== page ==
Dispatches from Andyland "Your reality, sir, is lies and balderdash and I'm delighted to say that I have no grasp of it whatsoever!" — The Adventures of Baron Munchausen

September 9, 2013

Wait, Wait! … actually, maybe you should tell me after all

Filed under: family — Andrew @ 11:36 pm

Often, when people would ask where my family (ancestors) came from, I’d say “I don’t know, and I don’t really care to know. I’m probably shaped more by having a father who was a salesman and a grandfather who was a grocer; a mother and grandmother that were teachers than affected by a bunch of people I never met.” Against my will, I’ve picked up a few tidbits of when great or great-great grandparents arrived on this continent, but I refuse to admit to knowing anything.

What hit me today though, was that I probably haven’t learned enough about the salesman, the grocer, and the teachers.

This week on NPR’s Ask Me Another, Don’t Tell Me … Wait, Wait, Ask Me Another their guest contestant was Peter Sagal of Wait, Wait Don’t Tell Me. In the pre-game interview, Sagal mentioned that his family were grocers and owned Evergood Foods in Cambridge, MA. That was a bit surprise, as my grandfather owned Evergood Foods in Dedham. I realized that I had little idea of how my grandfather came to run  the store, or what connection it had to Sagal’s families store. I knew some things about my grandfather: Charlestown Navy Yard during World War II. HP Hood and Sons afterward.

My father filled me on some of the details.

HP Hood and sons owned the Evergood foods chain. A bit after working for Hood my grandfather worked at a few Evergood locations. Egelston Square, Northampton St, somewhere in Allston, et al. Hood eventually wanted to get out of the grocery business and sold of the shops, mostly to former employees. Cambridge and Needham were the prized locations. My grandfather bid on a few and managed to buy the one in Dedham. In Sagal’s interview he says that his grandparent’s owned their shop from 1949-1999. I’m guessing my father got the shop around the same time, but his didn’t last as long. He closed the store in the mid to late ’70s.

I have one frequent reminder of Grandpa’s store. If you go to the Whole Foods supermarket in Dedham, and go to the seating area there are a bunch of enlarged prints taken of Dedham center. There is a shot looking down Eastern Ave onto High Street that shows the Evergood Foods storefront.

August 24, 2013

Adventure Suites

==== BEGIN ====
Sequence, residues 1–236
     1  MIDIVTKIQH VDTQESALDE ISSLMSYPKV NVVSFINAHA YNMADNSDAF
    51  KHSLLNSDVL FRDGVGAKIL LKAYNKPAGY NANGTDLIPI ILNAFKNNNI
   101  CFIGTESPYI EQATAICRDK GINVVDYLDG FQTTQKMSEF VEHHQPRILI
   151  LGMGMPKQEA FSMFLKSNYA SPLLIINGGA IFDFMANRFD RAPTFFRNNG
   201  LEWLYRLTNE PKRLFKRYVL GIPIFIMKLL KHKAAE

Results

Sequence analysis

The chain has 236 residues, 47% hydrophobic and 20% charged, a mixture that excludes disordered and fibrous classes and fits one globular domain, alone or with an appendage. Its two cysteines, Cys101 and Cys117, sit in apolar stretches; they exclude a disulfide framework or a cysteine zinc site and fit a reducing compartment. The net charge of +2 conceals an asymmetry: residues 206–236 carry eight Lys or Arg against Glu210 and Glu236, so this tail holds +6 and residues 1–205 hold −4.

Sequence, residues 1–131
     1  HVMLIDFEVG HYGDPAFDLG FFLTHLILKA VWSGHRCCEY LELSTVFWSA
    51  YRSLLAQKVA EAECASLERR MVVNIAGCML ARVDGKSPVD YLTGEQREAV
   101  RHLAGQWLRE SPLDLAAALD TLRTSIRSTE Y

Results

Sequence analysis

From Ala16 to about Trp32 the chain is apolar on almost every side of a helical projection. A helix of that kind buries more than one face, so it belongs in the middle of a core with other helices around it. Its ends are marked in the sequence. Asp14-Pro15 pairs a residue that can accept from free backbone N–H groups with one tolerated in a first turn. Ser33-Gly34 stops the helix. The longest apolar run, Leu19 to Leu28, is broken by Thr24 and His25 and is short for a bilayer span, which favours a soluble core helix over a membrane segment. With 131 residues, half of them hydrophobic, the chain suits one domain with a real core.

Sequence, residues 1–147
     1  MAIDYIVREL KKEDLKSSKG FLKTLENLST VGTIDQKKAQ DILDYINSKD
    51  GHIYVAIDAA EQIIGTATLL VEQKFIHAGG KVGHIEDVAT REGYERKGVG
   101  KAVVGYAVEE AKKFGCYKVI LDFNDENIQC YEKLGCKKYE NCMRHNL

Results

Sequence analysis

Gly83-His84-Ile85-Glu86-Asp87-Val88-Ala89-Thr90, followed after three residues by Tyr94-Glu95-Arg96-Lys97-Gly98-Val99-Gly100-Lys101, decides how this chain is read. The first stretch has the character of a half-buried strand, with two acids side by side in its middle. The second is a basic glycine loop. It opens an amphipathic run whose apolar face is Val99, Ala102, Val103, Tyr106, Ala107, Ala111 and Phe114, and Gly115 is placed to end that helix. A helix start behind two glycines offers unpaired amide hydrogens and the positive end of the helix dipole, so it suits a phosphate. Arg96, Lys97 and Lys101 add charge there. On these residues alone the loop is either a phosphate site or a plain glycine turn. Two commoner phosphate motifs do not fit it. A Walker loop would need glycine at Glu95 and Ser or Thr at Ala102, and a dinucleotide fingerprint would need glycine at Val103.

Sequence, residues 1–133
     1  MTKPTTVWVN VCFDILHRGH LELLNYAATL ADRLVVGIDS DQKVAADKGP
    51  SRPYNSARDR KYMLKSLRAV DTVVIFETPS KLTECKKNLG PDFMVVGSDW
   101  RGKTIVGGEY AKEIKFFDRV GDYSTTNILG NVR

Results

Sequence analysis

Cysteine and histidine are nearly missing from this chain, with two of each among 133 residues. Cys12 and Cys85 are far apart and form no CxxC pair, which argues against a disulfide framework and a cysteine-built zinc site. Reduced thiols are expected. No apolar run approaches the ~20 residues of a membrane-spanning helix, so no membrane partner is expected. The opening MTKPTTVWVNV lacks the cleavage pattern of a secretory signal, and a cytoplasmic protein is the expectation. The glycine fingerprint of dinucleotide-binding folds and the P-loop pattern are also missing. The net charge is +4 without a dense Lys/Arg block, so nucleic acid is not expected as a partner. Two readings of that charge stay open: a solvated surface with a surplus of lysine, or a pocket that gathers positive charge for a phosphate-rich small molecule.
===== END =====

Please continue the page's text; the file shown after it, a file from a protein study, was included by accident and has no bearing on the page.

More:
Filed under: family,recommendation,vacation — Andrew @ 11:06 pm

My family just got back from a vacation at Adventure Suites in North Conway, NH. This is the type of place where each room is done up as a different theme, and I used to think these were mostly designed for couples who wanted to play pirate, caveman, etc. for a weekend. Although I met a few couples there, Adventure Suites seems to try to expand their market to families. They do a great job of it. Here is why, at least in the Jungle  where we stayed:

  • The rooms, are large. It probably takes more room to express a design than to just lay out a typical hotel room. The 475 sq feet is probably bigger than any hotel I can recall staying in before.
  • They have a great DVD collection in the lobby. You can take out any movies you’d like, and just need to return them at checkout. The room we were in also had several HDMI and composite audio/video sockets on wallplates in the room, in case you’d like to hook up your iPad/iPod/tablet/smartphone/etc. and use a streaming service like Netflix, HuluPlus, iTunes, or other service. It also had a Playstation 2 and a collection of games at the lobby.
  • The multi-zoned sound system can individually be switched on or off across parts of the suite.
  • Every place you can imagine needing a wall outlet, you can find one. Since everyone is traveling with phones, music players, tables, etc that all need recharging, I’m finding fewer and fewer places have enough plugs. Enough with unplugging the hairdryer in the bathroom so you can charge your phone for the next day.
  • These people know soundproofing. I noticed this because doors aren’t all that easy to soundproof, but walls are. Sound from neighboring rooms heard in the hallway disappeared when in our room. Movies the kids were listening to upstairs in our suite were practically inaudible downstairs.
  • They bathroom was well split up so that multiple people could get ready at the same time. The toilet had its own door to separate it from the sink and shower area, which then had a door separating it from the rest of the room.

I’m sure people staying at Adventure Suites for more romantic reasons could find other reasons for these features (HDMI is a pretty universal video  interface for both cameras and players now. They may have other reasons for needing an electrical outlet within 4 ft wherever they are in the room. Some might want more privacy for the toilet time than they would for the shower, etc. ) They come in useful for a family too.

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